Project-Areas

BRIEF DESCRIPTION OF SOME CURRENT BPC PROJECT AREAS

Mbe Mountains:

The Mbe mountain ranges are located in the Boki Local Government Area of northern Cross River State. It is very rich in faunal/floral diversity, including the 3 largest Nigerian primates: gorilla, chimpanzee and drill, the red headed rock fowl (Picarthetes oreas), high altitude Bitis/Python, and other endangered mammalian species including prosimians.  The vegetation type is Guinea-Congolian rainforest and it is relatively undisturbed in most areas.  It covers of mostly hilly/rocky terrain with elevations in some areas being up to 920 ASL.  The area is contiguous with the Okwangwo division of the Cross River National Park but has not yet been assigned a conservation status.  BPC has for the last 6 years maintained intermittent research presence in the area with support from grass-root (landlord) communities.

Oban Group (Ikpan Block):

This area comprises the southern sector of the Cross River National Park. The vegetation is Guinea-Congolian moist forest with closed canopy and scattered emergent trees reading heights of about 40m in some places. The area is reputed as being the richest in terms of biodiversity in the whole of West Africa, with myriad of reptiles, amphibians, birds, mammals, and insects. It is also reputed as having the greatest diversity of floral species in the region. The Ikpan block area is the forest immediately adjacent and contiguous to the Korup National Park of south western Cameroon. Here the forest is relatively pristine in most areas with many streams. It is within the Ikpan forest block that the team of BPG researchers recently confirmed the continued existence of the critically endangered Preuss’s red colobus monkey. Recently, evidence points at the possible presence of chimpanzees in the Ikpan Block. BPC researchers have also confirmed for the first time in Nigeria, the existence of red headed parrots in Ikpan Block. Other important faunal species include: mangabeys, red-eared guenons, pogonias monkeys, putty nose and mona guenons as well as prosimians of conservation importance. Unfortunately, the area has not enjoyed proper protection and research activities for varied reasons e.g., lack of good access, lack of adequate funds and absence of government institutions. BPC is committed to saving the Ikpan forest and its biodiversity.

Boshi-Boshi extension Forest Portion:

Boshi Forest Extension comprises the northernmost part of the old Boshi-Okwangwo group of forests in the then Eastern Nigeria conservation policy at which at 1991 formed the Okwangwo Division of the Cross River National Park. The area is characterised by mountainous ridges with montane tropical rainforest in the higher areas but intermingled in the southern portion by the more regular southern Nigeria tropical rainforest. Among the primates found in the area are the critically endangered Cross River gorilla (Gorilla gorilla diehli) sub-populations. Chimpanzees, drills, Preuss’s guenon, red-eared guenon, prosimians are also found within the area. The Boshi extension forest and the Obudu plateau in general is considered a tourist haven for its semi-temperate conditions and hilly/mountainous high rises with beautiful waterfalls.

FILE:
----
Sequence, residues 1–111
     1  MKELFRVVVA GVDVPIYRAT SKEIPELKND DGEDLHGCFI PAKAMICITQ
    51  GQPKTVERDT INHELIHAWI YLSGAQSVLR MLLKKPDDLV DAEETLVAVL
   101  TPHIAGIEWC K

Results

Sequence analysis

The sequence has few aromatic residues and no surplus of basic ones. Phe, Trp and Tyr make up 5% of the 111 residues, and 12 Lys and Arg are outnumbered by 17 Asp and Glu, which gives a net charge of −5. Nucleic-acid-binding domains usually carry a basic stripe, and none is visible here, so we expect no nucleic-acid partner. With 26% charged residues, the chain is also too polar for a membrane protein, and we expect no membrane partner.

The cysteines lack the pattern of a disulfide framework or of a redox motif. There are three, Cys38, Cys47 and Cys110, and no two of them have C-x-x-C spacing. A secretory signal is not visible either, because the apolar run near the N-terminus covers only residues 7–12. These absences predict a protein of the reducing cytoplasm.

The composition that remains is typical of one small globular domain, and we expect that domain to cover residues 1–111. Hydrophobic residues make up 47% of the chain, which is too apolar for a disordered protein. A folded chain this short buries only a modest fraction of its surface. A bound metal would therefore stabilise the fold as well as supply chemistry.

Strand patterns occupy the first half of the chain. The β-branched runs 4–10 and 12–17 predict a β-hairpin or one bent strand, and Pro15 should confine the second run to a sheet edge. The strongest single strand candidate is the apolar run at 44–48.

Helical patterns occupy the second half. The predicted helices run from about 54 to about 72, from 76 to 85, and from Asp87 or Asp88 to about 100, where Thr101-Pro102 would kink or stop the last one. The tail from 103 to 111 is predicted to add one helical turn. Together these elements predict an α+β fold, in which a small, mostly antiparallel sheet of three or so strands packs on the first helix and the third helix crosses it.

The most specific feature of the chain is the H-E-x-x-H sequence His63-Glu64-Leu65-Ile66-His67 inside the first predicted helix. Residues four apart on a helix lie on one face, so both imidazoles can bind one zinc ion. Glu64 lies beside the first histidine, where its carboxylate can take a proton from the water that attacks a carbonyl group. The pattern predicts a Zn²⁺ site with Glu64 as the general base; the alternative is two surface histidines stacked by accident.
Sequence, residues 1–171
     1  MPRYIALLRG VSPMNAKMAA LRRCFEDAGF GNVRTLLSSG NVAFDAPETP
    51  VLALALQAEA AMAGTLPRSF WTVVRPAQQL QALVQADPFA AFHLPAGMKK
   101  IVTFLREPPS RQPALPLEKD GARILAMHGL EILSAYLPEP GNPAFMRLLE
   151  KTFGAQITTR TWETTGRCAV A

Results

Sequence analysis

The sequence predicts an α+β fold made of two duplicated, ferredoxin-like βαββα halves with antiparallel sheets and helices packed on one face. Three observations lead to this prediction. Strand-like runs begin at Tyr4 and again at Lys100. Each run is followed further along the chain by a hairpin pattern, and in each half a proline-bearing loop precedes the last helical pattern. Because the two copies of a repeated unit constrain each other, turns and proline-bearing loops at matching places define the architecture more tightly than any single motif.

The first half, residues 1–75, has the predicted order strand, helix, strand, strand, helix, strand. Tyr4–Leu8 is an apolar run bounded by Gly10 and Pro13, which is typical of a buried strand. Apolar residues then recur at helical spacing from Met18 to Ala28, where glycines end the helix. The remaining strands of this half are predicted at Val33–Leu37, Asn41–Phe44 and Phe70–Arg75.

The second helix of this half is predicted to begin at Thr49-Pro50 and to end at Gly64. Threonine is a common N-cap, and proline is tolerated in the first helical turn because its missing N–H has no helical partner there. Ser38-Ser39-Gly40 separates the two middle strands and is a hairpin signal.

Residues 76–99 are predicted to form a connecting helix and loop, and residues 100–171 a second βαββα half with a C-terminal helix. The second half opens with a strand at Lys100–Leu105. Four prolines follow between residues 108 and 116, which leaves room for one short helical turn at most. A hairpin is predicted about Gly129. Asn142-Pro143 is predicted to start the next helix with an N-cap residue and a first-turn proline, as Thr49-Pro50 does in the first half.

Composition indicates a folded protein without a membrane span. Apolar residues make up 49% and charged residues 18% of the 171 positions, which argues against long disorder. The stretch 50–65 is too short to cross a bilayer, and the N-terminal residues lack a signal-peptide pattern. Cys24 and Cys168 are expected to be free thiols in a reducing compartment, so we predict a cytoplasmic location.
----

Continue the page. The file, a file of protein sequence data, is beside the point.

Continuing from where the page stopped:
A JUVENILE GALAGO SPECIES AT RESCUED AT ITAM MONKEY PROJECT SITE AT ITU LGA, AKWA IBOM STATE

BASED ON THE FOREGOING BPC WILL AMONG OTHER THINGS
  • Intensify our community conservation of Cross River gorillas: The BPC research team intend to intensify the on-going assessment of the Cross River gorilla populations and their habitats in the Boshi-Boshi extension portion of the Cross River National Park (CRNP), and Mbe Mountains in Cross River State.
  • Assessments of two other important primates’ habitats and populations in Akwa Ibom state which have not been studied before to evaluate potentials for their long term conservation action as well as collect other relevant wildlife information in the respective areas.
  • Continue on-going anti bushmeat consumption campaigns and provision of alternatives to bushmeat to rural populations.
  • To continue on-going conservation education programmes throughout Nigeria using our Beauty of Nature in Nigeria (BoNN) programme.
  • To strive to maintain as much as possible a sustained research presence in the field. This has proven over the years to reduce hunting/poaching intensities in the areas concerned.
  • Finally, to join hands with all governmental and non-governmental organisations to pursue a healthy environment and sustainable resources utilization through active conservation action (research, education, policy and participation).